We recently wrote about the story of Cynthia Ann and Quanah Parker. Today we continue the story by discussing efforts through time to remember their story by preserving Fort Parker.
After the events of the Parker story in Texas—Cynthia Ann’s capture by Comanche, her recapture and return to Texan society, her son Quanah’s role as military leader against the United States army, and his subsequent role as a political leader to help the Comanche on the reservation—the Parker story became a popular one in Texas. (See Part One of this blog series if you need a refresher.) With Texan interest in historic preservation growing due to the impending Texas Centennial in 1936, people began to work towards preserving the site of Parker’s Fort or Fort Parker.
While the original fort was long gone, the site was selected in the 1930s as a work area for the Civilian Conservation Corps (CCC). It was decided to build a replica fort, matching as closely as possible the original fort built by the Parkers. Several Parker family members visited the site of replica fort in the 1930s to help verify that it was the site of the original fort. Construction was still underway as the Texas Centennial came and went.
Only a couple of miles away, the same CCC camp built camping and outdoor recreational facilities around a 670 acre lake, formed from building a dam across the Navasota River. While the plan originally called for one site to be named Fort Parker State Park, which would include the replica fort, the lake, and all the recreational facilities, eventually the site was split into two separate areas. Confusingly, the recreation area with the lake became known as Fort Parker State Park, while the replica fort site became known as Old Fort Parker State Historic Site, or just the Old Fort.
In 1941, after years of planning and construction, Fort Parker State Park was opened to the public. Along with fishing, boating, and fireworks, people could also visit Old Fort Parker, where construction was complete on the replica fort.
After many years of use, the replica fort at the Old Fort site was rebuilt in 1967. Both Fort Parker sites were operated by Texas Parks and Wildlife Department until 1992, when the nearby cities of Groesbeck and Mexia, and Limestone County took over operations of the Old Fort. Fort Parker State Park continues to operate as a Texas Parks and Wildlife Department site.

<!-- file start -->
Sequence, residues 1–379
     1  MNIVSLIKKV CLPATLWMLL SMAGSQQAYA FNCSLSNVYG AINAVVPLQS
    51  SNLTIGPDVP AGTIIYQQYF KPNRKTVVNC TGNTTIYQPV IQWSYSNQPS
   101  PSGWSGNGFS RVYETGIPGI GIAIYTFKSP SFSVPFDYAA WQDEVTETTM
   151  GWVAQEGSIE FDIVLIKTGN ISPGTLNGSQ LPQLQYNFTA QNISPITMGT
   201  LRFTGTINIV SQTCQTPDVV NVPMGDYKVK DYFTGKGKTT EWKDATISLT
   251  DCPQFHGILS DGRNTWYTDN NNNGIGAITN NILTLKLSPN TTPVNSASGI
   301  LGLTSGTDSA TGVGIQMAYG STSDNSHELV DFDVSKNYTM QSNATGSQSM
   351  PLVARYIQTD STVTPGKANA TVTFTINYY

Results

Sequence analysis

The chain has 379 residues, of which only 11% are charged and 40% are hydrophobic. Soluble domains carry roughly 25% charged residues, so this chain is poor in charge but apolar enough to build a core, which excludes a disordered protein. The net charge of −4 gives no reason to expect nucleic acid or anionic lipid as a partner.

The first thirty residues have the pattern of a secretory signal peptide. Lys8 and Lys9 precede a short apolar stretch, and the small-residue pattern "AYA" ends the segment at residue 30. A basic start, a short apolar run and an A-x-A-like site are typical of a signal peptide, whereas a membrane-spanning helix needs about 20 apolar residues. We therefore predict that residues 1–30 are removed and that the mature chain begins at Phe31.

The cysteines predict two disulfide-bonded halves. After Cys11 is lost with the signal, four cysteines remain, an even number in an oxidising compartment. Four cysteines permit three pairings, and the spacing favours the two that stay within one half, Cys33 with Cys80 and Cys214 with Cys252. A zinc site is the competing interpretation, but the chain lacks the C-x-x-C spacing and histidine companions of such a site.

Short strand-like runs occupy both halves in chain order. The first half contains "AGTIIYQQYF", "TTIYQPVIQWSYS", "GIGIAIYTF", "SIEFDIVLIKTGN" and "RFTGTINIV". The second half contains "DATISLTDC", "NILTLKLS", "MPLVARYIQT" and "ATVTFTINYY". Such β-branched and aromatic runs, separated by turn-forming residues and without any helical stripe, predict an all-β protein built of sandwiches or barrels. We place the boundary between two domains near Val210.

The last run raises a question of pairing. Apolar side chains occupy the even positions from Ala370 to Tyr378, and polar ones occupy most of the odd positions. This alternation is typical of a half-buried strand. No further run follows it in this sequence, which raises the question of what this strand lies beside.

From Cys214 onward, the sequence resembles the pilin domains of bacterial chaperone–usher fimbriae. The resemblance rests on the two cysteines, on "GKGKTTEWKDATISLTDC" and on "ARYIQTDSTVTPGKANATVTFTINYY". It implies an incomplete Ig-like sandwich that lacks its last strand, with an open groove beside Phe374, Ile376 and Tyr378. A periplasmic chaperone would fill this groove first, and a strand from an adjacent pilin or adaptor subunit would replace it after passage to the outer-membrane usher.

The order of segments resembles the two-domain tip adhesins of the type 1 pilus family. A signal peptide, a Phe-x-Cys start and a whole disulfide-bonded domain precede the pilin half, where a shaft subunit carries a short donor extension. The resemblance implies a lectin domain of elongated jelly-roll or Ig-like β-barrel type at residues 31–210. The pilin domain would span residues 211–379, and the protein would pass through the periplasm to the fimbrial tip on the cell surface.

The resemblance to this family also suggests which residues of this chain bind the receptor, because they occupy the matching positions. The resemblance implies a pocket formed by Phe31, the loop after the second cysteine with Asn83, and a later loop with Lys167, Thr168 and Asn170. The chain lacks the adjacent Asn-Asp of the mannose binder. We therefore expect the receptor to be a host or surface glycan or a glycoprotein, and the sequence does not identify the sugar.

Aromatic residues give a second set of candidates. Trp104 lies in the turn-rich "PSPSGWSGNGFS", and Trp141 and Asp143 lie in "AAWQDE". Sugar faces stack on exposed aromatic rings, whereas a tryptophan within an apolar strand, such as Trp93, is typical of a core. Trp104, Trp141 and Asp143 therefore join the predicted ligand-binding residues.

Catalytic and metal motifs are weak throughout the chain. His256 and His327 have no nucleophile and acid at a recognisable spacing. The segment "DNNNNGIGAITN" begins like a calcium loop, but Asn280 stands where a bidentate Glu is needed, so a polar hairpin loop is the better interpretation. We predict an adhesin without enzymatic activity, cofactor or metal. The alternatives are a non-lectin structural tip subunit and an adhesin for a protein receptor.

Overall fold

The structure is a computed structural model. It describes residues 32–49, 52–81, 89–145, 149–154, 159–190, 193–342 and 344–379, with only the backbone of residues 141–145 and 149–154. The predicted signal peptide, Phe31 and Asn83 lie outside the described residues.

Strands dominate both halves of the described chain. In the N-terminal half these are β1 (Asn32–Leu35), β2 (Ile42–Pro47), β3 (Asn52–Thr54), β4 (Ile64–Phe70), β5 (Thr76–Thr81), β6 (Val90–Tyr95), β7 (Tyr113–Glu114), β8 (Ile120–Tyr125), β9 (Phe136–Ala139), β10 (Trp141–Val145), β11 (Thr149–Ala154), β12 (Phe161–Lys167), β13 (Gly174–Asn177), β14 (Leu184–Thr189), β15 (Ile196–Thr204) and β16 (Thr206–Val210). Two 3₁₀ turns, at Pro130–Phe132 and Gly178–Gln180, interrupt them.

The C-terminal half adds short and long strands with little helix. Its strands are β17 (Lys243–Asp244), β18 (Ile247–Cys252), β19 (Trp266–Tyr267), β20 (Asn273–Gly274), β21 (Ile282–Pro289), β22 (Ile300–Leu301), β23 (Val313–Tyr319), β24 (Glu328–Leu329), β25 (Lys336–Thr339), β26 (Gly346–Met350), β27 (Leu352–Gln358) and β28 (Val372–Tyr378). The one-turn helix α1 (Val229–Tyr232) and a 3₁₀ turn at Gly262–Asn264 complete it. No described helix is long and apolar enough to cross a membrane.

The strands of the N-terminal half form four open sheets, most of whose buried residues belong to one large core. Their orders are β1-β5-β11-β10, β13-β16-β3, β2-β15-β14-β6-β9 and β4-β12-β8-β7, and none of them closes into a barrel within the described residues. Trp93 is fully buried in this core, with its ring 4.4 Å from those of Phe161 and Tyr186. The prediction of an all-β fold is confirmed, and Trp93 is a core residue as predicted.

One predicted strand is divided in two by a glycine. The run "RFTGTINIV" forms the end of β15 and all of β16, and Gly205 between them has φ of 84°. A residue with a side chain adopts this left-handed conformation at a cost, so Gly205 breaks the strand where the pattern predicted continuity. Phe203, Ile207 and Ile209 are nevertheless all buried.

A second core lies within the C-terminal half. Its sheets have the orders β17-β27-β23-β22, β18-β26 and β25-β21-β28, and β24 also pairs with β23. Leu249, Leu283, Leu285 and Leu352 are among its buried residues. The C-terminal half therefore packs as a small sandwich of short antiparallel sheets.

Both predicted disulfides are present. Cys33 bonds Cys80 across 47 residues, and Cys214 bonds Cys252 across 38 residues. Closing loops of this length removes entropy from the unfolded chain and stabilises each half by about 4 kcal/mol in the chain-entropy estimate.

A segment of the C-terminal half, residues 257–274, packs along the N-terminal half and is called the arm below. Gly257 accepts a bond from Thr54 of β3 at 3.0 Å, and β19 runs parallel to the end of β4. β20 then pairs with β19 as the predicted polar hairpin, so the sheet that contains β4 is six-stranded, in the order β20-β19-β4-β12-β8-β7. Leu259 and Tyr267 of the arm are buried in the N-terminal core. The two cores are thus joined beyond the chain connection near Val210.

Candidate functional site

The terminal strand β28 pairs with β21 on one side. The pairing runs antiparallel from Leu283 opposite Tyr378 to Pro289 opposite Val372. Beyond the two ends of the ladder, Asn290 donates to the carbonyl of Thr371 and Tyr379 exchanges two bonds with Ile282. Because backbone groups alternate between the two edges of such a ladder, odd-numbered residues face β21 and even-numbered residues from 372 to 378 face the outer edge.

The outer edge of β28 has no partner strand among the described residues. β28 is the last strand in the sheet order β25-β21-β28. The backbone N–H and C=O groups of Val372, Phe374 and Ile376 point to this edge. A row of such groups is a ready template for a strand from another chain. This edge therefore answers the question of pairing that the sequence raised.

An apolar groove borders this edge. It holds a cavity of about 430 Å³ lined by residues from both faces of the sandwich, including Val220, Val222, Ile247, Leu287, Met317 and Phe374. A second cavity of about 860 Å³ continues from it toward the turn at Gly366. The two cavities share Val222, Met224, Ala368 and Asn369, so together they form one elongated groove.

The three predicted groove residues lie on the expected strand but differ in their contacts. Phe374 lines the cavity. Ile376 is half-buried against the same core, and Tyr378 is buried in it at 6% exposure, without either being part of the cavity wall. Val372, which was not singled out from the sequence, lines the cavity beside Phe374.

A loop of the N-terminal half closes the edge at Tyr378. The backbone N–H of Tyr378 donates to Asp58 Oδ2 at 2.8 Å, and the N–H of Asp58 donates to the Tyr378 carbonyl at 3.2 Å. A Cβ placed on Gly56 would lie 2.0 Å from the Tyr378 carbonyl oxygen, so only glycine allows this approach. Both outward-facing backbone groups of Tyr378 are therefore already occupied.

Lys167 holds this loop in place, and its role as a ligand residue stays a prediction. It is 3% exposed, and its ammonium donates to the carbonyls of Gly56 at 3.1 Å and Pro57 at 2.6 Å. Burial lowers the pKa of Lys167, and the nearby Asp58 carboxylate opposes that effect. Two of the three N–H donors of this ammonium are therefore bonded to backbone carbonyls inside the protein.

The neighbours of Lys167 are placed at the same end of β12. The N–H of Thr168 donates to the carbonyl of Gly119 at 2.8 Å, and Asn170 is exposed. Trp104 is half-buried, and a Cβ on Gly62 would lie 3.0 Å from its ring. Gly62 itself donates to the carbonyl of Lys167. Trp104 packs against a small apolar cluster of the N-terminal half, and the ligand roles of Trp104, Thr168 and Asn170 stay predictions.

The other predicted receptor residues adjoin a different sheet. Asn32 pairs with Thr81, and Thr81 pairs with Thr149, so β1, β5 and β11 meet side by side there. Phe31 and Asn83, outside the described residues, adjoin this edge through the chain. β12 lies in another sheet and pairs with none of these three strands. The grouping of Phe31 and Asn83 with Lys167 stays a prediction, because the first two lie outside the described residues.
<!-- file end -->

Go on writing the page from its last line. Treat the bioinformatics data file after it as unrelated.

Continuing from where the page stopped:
Today, visitors to Old Fort Parker can tour the replica fort, various historic structures from Central Texas, and the visitor center. For research opportunities, patrons can visit The Texas Collection and view materials on the Parker family and Old Fort Parker.
The next post in this series will examine the various creators of the Selden collection. Mark your calendar for Selden’s lecture: Thursday, February 18, at 3:30 pm in the Guy B. Harrison Reading Room of The Texas Collection, located in Carroll Library at Baylor University.
Phil PoseyFebruary 7, 2016 at 7:43 am
Always wondered if the site of the original fort was ever found? I understand that the fort was never inhabited after the Indian raid and that settlers moving into the area took the old fort apart and used it for their homes and livestock pens. The only clue that I have found is that the old fort was a certain distance from the fort parker cemetery. I would think it would be on the river side. Looks like with todays technology, the old forts original site could be located. Thanks
Amanda NormanFebruary 8, 2016 at 10:07 am
Hi Phil, while the location of the original fort will always be somewhat open to question, when they built the replica fort in the 1930s, people were confident it was close to the original site. This would be an excellent question to ask Jack Selden at his lecture at The Texas Collection on February 18. If you can’t attend the event, we’ll be live-tweeting it, hashtag to be determined–stay tuned!